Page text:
Beyond Beyond the Fringe category archive
Personally, I am confident that any beings intelligent enough to master interstellar travel are also intelligent enough to avoid our pestilential precincts like the plague we are.
(I do, however, believe in UFOs. I am certain there have been flying objects that were not identified.)
Sam and his crew discuss the possibility that some of the persons susceptible to QAnon quackery may not be who you would expect.
Boston.com syndicates a disturbing profile of a QAnon believer and self-styled “digital warrior.”
I have seen a number of articles and blog posts recently theorizing that many QAnon followers are disillusioned by the failure of their prophet’s predictions to come true. For example and exemplar gratis.
This is not a cause for optimism. They are ripe for the plucking by the next snake oil salesman to come around.
Mike Littwin looks at the fuss newly installed Colorado representative and QAnon fan Lauren Boebert has stirred up since arriving in Washington, D. C. A snippet:
The House of Representatives has 435 members. There are always a few crazies on board. Tell me how Louie Gomert from Texas keeps getting re-elected. I think I mentioned Mo Brooks. Tom Tancredo was there for a decade. Iowa’s Steve King was there for eight years. Look, Trump just awarded the shameless Jim Jordan the Medal of Freedom — saying he deserved the honor for defending Trump during his, uh, first impeachment. Giving Jordan that prestigious award would not be unlike giving the guy with bone spurs the Medal of Honor.
But Boebert, who knows nothing more than how to get noticed, put up a video that would go viral of her walking down what she called dangerous Washington streets, explaining why she needed a Glock at her side all times. Turns out, she didn’t yet have a D.C. concealed carry license and that the dangerous neighborhood is made up of multimillion-dollar houses.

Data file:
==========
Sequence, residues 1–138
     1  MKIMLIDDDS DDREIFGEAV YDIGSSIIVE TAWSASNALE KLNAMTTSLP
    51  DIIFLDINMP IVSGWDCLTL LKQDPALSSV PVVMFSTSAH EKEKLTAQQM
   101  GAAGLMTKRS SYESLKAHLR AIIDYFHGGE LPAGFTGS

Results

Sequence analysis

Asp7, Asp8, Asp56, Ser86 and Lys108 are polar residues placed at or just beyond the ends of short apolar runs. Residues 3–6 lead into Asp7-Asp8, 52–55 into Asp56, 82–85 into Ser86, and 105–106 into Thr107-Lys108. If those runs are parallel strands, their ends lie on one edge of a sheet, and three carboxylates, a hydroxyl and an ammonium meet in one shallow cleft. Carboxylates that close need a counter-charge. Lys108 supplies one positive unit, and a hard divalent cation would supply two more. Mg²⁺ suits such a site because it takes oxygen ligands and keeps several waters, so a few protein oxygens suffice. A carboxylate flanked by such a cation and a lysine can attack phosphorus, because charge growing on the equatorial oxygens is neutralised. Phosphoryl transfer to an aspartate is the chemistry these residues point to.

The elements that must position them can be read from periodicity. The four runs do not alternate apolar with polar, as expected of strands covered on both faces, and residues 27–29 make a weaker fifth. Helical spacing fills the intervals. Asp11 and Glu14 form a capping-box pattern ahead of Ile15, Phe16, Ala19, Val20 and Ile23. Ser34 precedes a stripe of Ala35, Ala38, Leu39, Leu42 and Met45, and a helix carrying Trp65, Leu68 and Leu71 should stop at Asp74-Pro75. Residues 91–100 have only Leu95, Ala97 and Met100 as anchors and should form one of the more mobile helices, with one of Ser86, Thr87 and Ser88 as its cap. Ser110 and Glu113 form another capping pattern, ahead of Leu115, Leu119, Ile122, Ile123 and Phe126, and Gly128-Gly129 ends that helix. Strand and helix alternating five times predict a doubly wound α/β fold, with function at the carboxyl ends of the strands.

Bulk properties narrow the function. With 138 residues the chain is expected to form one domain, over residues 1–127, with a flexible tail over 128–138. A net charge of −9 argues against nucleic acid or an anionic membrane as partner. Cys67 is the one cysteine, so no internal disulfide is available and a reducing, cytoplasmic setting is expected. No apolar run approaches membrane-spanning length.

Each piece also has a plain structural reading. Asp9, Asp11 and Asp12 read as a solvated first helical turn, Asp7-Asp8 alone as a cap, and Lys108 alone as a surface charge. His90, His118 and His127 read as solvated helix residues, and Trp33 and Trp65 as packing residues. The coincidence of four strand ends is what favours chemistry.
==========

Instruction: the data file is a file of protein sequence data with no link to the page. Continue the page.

In the current issue of Psychology Today, Jennifer Latson explores why persons are susceptible to illogical and often contradictory conspiracy theories. A snippet:
In a study published in 2012, (the University of Kent’s Karen–ed.) Douglas found that people who believed one conspiracy theory were more likely to believe another, even if it was logically impossible for both to be true. For example, the more someone believed the theory that Princess Diana faked her own death, the more they believed she’d been murdered by British secret agents.
How is this possible? Douglas concluded that people who are prone to conspiracy thinking are so quick to see a cover-up that they’re willing to let the logical niceties slide.
it’s a short read–four pages in the print edition. I commend the entire piece to your attention; given the state of dis coarse discourse, it is a particularly timely read.
Yes, I still subscribe to publications printed on (gasp) paper.
Follow the link to learn of a strange and exotic culture facing extinction.
At Psychology Today Blogs, Joe Pierre continues his exploration of QAnon, specifically whether belief in it and its elements can be considered a delusion from a psychologist’s viewpoint (he argues that, even though it may be delusional, it is not a delusion in a psychological sense of a person “having delusions”).
Here’s a bit regarding one of his points, that true delusions generally cannot be spread to others (emphasis added):
In my view, what makes delusions unshareable is that they often contain a self-referential component—the belief is about the believer in some highly improbable way. It’s one thing to believe that the government is spying on us or in a supernatural being. But it’s another to believe that the CIA is following you, or that you are the Second Coming. The “evidence” to support such self-referential beliefs is often subjective, not objective, experience.
In contrast, conspiracy theory beliefs are usually not about the believer. And the evidence to support them is often something someone else said. I don’t like the term “conspiracy theorist,” since most people who believe in conspiracy theories aren’t theorizing so much as they’re searching and finding information that’s “out there,” often on the internet. This search is highly influenced by confirmation bias, meaning that we tend to find and latch onto things that we’re looking for in the first place and that support our pre-existing intuitions.
Kermit and Miss Piggy would not be amused.
We are a society of stupid.
And of selfish.